BMW scheduled a layover in Manhattan Wednesday for its i3 and i8, the first cars designed for BMW i, the Munich-based automaker’s new, electric-oriented subbrand. The concepts will make their formal North American debut at the Los Angeles auto show next Wednesday.
Accompanying the cars was the BMW designer Richard Kim.
Mr. Kim, 30, grew up near Cupertino, Calif., the home of Apple. Wearing precise, technical-looking glasses, Mr. Kim dressed on Wednesday in the blacks and grays that constitute the standard industrial-designer fashion palette. But when he sat down, his bright red and white diamond-patterned socks peeked out from under his pant cuff. So, too, did flashes of wit from beneath his sober mien.
Mr. Kim said that the design team was installed in a building away from BMW’s main studios to keep its thinking fresh, he said. “We had a sketch-off as we do with any new project,” he said.
“It is exciting and stressful. It’s like the show ‘Top Chef’ except the season never ends.”
Mr. Kim’s concept for the i3, a brightly colored sketch of which appeared on a projection screen on Wednesday, won.
The i3 began life as the Megacity electric project car, but the concept evolved into a purely electric runabout that would be configurable, when it went on sale in 2013, with a gasoline-burning, 3-cylinder range extender.
Without an engine up front — the range extender is in the rear — the hood area could become smaller and the vehicle higher as a wide battery pack on the floor became the key element determining the vehicle’s shape. Computer-generated sketches of the innards of the i3 shown on Wednesday, depicting the passenger module sitting atop the drive module, suggested a stagecoach without horses.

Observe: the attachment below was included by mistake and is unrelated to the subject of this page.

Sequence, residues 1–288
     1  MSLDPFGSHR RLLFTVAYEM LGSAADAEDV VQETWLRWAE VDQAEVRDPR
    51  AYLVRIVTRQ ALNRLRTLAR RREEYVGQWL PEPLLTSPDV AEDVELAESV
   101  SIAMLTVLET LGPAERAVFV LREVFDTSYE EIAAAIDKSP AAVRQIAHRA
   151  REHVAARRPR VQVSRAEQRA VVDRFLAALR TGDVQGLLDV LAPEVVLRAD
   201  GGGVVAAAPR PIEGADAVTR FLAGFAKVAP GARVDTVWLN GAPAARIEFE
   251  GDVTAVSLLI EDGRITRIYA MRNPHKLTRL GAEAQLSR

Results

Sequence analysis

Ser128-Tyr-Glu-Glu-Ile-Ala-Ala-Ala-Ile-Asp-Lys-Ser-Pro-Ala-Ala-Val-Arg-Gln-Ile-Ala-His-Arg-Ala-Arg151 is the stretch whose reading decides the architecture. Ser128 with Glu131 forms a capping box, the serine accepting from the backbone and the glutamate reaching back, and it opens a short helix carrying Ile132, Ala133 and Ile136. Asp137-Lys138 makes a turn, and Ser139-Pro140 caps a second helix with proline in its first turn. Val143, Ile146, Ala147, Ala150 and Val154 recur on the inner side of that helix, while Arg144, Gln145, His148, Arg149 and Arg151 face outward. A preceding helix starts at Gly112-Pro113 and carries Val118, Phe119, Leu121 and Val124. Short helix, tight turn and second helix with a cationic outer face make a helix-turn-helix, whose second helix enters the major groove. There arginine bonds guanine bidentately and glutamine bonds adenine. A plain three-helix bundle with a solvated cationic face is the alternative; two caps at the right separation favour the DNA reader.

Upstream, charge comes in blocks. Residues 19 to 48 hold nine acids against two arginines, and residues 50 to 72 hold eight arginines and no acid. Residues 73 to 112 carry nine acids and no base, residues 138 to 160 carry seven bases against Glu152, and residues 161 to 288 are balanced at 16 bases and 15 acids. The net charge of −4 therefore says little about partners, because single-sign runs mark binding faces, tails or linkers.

Mr. Kim and his colleagues were charged with making this tall and somewhat gawky form into something that communicated driving excitement and agility.
“The wheels at the corner and the stance communicate stability,” he said. The centrally meeting “coach doors” replace a B-pillar — the stabilizing line traditionally behind the front doors of a car — and suggest the amount of space inside. “They invite you in, make you welcome,” he said of the doors.
The lines of the vehicle suggest a traditional BMW wedge and imply agility. “You feel it more than you see it,” he said.
The most characteristic cue of traditional BMW design is the angle of the i3’s rear roof pillar, the so-called Hofmeister kink, named after a former design chief of the brand. Mr. Kim said that the i brand would have its own equivalent, which he called stream flow.
The cue consists of two sine waves that travel along the sides of the vehicle and converge toward the rear like air in a wind tunnel. In the process, they help disguise the belt line and make the car appear less tall.
In back, the rear bumper and diffuser form a single structure.
“On the i3 we have integrated as many things as possible,” said Mr. Kim.
He also outlined some of the major ideas behind the i8, a premium plug-in-hybrid grand tourer that evolved from the Vision Efficient Dynamics concept, which will be in the film “Mission: Impossible — Ghost Protocol.” The film is being released next month, and BMW of North America will start a marketing campaign around the car’s appearance, called Mission to Drive.
“It seems to be in motion even if it is just standing still,” Mr. Kim said of the i8. “The blue ribbons and exposed black carbon-fiber pieces of the vehicle express literal aerodynamics and structure.” Mr. Kim also indicated how air from the front-wheel air curtains swept along the side of the i8 and through a rear-spoiler element.
According to Mr. Kim, the key to both designs was layering, expressed in colors and materials. Those layers serve to join the exterior with the interior, he said, making what rode atop the cars’ underpinnings appear as advanced as the underpinnings themselves.